I call internal audit the anti-canary.  Miners took canaries into coal mines because the birds are more susceptible than humans to carbon dioxide and monoxide.  If the canary loses consciousness the humans can survive by exiting the mine. Internal audit is supposed to the least susceptible unit in a firm.  The mantra of internal audit is“independence” from the senior managers. If internal audit is suborned by executive compensation then the rot is pervasive in other units.  In considering the import of Rajappa’s speech to his internal audit troops, consider the fact that it was a written speech and that Rajappa provided the text to Raines – and got favorable suggestions to make it even stronger.  Raines knew and approved of the fact that the rot at Fannie was pervasive.

Ireland Imports U.S. Executive Compensation and Produces a Similar Crisis

A word about “stretch goals.”  Consider this exceptionally naïve passage from a Nordic banker (Nyberg) recently asked to write a report on the failed Irish banks.  He is discussing earning targets that maximized executive compensation.

“Targets that were intended to be demanding through the pursuit of sound policies and prudent spread of risk were easily achieved through volume lending to the property sector.” (Nyberg 2011: 30)

The bonus targets, of course, were not “intended to be demanding through the pursuit of sound policies.”  The senior managers chose stretch goals,impossible to reach through prudent lending, because such goals were “easily achieved” by ignoring asset quality (which they proceeded to do).  As George Akerlof and Paul Romer aptly observed in their 1993 article (“Looting: the Economic Underworld of Bankruptcy for Profit”), accounting control fraud is a “sure thing.”   Whether one is in Ireland or the U.S., the fraud recipe for a lender (or loan purchaser) has four ingredients.

  1. Grow like crazy
  2. By making (or buying) exceptionally bad loans at a premium yield, while
  3. Employing extreme leverage, and
  4. Providing grossly inadequate allowances for loan and lease losses (ALLL)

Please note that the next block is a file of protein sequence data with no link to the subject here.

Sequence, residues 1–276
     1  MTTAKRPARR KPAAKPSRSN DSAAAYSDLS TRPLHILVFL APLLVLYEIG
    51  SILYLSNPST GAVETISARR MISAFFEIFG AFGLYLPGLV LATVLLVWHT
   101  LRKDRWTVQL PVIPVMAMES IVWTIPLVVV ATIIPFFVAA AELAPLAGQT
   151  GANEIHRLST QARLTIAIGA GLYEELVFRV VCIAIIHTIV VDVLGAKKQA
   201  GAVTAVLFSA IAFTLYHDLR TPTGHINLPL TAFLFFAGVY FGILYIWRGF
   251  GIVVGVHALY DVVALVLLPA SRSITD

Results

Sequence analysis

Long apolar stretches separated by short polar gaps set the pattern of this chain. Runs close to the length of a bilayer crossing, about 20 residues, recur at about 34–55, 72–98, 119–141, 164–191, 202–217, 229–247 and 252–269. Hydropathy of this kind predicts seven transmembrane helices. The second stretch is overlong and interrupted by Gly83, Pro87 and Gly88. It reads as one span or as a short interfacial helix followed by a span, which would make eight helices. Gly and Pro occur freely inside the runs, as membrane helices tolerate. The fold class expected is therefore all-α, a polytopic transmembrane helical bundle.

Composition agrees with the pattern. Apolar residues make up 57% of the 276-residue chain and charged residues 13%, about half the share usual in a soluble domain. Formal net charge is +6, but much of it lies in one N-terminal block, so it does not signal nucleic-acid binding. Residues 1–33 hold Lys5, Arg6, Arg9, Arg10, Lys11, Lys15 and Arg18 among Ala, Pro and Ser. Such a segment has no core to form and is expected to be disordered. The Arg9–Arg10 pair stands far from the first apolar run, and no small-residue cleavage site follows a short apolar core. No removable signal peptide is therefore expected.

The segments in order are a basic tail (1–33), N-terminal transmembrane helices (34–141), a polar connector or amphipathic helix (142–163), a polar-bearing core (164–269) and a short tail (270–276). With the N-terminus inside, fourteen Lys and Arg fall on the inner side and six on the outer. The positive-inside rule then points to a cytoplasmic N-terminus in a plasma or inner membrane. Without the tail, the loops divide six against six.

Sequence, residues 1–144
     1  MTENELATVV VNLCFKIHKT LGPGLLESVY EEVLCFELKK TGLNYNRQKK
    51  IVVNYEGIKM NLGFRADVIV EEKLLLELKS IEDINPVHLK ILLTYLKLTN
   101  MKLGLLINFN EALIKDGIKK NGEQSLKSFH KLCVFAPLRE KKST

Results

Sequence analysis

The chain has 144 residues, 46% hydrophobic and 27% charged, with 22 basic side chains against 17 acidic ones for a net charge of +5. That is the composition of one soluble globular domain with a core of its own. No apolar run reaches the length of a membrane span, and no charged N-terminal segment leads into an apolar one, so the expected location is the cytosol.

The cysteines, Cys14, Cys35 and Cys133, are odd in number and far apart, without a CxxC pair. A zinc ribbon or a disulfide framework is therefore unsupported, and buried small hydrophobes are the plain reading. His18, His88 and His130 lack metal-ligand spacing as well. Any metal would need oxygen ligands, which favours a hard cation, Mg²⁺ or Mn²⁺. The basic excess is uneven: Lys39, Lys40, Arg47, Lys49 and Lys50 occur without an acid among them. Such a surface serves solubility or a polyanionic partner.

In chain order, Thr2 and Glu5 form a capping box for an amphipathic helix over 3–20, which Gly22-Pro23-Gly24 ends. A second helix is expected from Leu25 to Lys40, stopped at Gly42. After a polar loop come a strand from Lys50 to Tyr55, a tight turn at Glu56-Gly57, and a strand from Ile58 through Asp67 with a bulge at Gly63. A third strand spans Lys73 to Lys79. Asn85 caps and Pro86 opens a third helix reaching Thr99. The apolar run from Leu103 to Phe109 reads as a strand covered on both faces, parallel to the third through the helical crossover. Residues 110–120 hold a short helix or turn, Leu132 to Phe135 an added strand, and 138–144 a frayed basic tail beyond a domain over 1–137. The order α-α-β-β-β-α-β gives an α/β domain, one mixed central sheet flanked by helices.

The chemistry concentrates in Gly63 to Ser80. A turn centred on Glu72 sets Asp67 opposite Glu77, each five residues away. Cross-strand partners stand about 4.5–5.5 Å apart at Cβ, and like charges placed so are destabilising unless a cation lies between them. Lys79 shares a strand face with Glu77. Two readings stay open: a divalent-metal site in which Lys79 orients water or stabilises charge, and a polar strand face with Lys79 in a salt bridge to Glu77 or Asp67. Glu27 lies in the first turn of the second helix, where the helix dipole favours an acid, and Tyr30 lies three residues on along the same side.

Indeed, Ireland provides a superb natural experiment that helps us determine why banks make or purchase exceptionally bad loans with grossly deficient underwriting and trivial ALLL.  The fraud recipe is so perverse because it is mathematically guaranteed to produce record (albeit fictional) short-term reported income, huge compensation, and catastrophic losses.  If a material number of banks (or a small number of very large banks) follows the same fraud recipe in an asset category it will hyper-inflate a bubble in that asset. Accounting control frauds often lend into teeth of a glut.

Ireland is so useful because it had no equivalent ofa Community Reinvestment Act (CRA) and no material secondary market (noe quivalent of Fannie and Freddie – hence, no requirements to purchase a subset of below median-income home mortgages). Nevertheless, its real estate bubble was roughly twice as large (in relative terms) as the U.S. bubble and it had twin bubbles in commercial and residential real estate.  Its banks exhibited a collapse of loan quality driven by perverse executive compensation.  Irish bank CEOs followed the same fraud recipe as Lehman, Merrill Lynch, Countrywide, WaMu, Fannie,Freddie and their ilk and produced the same catastrophic losses.

“All of the covered [failed]banks regularly and materially deviated from their formal policies in order to facilitate rapid and significant property lending growth. In some banks, credit policies were revised to accommodate exceptions, to be followed by further exceptions to this new policy, thereby continuing the cycle.”

“Occasionally,management and boards clearly mandated changes to credit criteria. However, in most banks, changes just steadily evolved to enable earnings growth targets to be met by increased lending.” (Nyberg 2011: 34)
“The associated risks appeared relevant to management and boards only to the extent that growth targets were not seriously compromised.” (Nyberg 2011: 49)